Interior comfort and fittings
Many young families would consider the MGB GT V8 an ideal car for parents and children up to
seven or eight. With the children on the back seat, there is still sufficient room behind for
a great deal of luggage, and if the children are to be left at home, the rear seat can be folded
forward, further increasing the available load space, and leaving room for such bulky items as
school trunks or pram bases. Access to the luggage space is gained through the large rear door
that swings well out of the way, and is retained in the open position by two sturdy self
supporting struts. The spare wheel is housed below the floor of the load space, and is properly
secured by a large wing nut. The area around the spare wheel can be used to stow tools and oddments
that would otherwise be on display in the luggage area.
In the remainder of the car, stowage space is limited to a small glove locker (which, as we have said many times, is infuriating as it can only be opened and closed by the key, which is inevitably on the key ring, where it belongs.) and to a lift-up glove locker between the seats whose aptly described by its title. There is also a useful map pocket on the passenger's side, but this is out of reach, especially when static seat belts are being worn.
The rear seats are really only suitable for children up to about eight, although no doubt older children would put up with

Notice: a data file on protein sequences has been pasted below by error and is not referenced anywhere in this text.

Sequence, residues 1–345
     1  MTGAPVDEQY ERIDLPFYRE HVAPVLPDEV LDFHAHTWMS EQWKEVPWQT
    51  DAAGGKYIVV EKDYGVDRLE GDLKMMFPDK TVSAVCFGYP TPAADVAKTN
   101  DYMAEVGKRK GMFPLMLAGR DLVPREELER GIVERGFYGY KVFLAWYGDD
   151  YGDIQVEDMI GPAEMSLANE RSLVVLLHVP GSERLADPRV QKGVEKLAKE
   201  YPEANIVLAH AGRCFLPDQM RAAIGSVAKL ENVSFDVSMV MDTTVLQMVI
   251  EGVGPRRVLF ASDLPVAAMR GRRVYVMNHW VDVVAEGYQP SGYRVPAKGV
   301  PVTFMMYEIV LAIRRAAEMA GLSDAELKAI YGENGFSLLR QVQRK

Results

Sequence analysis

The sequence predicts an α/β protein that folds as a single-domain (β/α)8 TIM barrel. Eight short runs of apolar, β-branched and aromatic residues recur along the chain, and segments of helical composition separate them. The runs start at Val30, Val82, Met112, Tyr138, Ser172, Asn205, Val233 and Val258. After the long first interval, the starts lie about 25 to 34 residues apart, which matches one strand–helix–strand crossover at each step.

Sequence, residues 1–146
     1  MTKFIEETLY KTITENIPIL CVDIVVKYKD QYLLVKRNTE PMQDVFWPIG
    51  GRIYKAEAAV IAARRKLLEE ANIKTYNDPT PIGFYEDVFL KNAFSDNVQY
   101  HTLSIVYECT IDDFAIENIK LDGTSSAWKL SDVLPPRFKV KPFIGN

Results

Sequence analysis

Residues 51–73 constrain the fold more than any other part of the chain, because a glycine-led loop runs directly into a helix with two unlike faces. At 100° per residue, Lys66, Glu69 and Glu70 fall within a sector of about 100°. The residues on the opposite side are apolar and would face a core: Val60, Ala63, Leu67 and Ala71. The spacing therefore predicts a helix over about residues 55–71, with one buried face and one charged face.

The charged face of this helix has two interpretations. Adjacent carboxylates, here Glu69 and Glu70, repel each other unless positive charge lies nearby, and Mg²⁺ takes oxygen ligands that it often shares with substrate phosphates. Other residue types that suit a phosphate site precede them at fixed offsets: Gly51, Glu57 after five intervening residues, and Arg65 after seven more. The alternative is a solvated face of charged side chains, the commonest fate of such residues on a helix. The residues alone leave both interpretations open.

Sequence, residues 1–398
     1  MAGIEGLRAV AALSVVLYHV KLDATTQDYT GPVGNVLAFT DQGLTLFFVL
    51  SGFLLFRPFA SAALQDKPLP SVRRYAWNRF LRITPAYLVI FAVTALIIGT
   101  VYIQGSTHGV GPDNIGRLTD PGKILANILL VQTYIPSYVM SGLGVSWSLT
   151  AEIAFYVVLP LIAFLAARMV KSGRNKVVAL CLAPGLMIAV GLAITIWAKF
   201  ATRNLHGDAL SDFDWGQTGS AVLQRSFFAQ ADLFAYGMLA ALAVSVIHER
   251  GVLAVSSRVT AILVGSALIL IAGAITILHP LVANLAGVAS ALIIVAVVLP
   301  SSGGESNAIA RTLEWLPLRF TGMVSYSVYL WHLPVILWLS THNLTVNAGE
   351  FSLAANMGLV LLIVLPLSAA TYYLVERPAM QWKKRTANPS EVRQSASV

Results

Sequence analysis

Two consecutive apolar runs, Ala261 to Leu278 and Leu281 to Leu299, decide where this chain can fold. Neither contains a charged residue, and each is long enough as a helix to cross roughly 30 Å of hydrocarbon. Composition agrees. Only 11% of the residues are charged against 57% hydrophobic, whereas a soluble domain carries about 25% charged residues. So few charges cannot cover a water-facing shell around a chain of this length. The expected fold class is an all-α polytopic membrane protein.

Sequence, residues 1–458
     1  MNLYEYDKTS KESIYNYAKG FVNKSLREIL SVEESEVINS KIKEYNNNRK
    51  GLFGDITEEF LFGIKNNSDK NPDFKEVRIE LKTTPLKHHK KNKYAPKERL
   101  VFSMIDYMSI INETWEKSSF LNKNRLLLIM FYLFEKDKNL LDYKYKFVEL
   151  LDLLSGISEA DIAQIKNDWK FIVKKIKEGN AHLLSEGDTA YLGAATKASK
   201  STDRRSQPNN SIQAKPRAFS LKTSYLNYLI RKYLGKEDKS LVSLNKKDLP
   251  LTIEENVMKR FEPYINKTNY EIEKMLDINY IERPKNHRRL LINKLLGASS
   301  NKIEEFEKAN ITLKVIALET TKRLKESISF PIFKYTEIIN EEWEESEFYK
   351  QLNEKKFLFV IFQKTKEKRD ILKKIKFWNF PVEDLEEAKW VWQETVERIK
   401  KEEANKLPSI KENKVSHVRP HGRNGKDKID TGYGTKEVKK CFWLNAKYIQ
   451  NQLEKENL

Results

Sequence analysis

discomfort for the thrill of being driven in the car. The rear seat cushions are retained by "lift the dot" fasteners, and when
released allow the rear seat back to swing down onto the rear seat. - A surprising amount of luggage can be fitted into
the load area, and the two wells behind the rear wheel arches are particularly useful for stowage. A pram base will not
quite fit crossways between the wheel arches, and will not fit longways if the rear seat is in the raised position.
All the seats now have nylon facings on their wearing surfaces, and both the front seats can
be reclined. Adjustment of the front seats is generous and drivers of all sizes can be accommodated.
The backs of the front seats do, however, lack lumbar support and leave a space below the small
of the back that can lead to some discomfort. The seat backs are high and well-shaped, providing
good shoulder support, and the gripping nature of the brushed nylon material helps to provide good
lateral support. The backs of the seat recline, but only to approximately 45 degrees at which
angle they come up against the rear seats.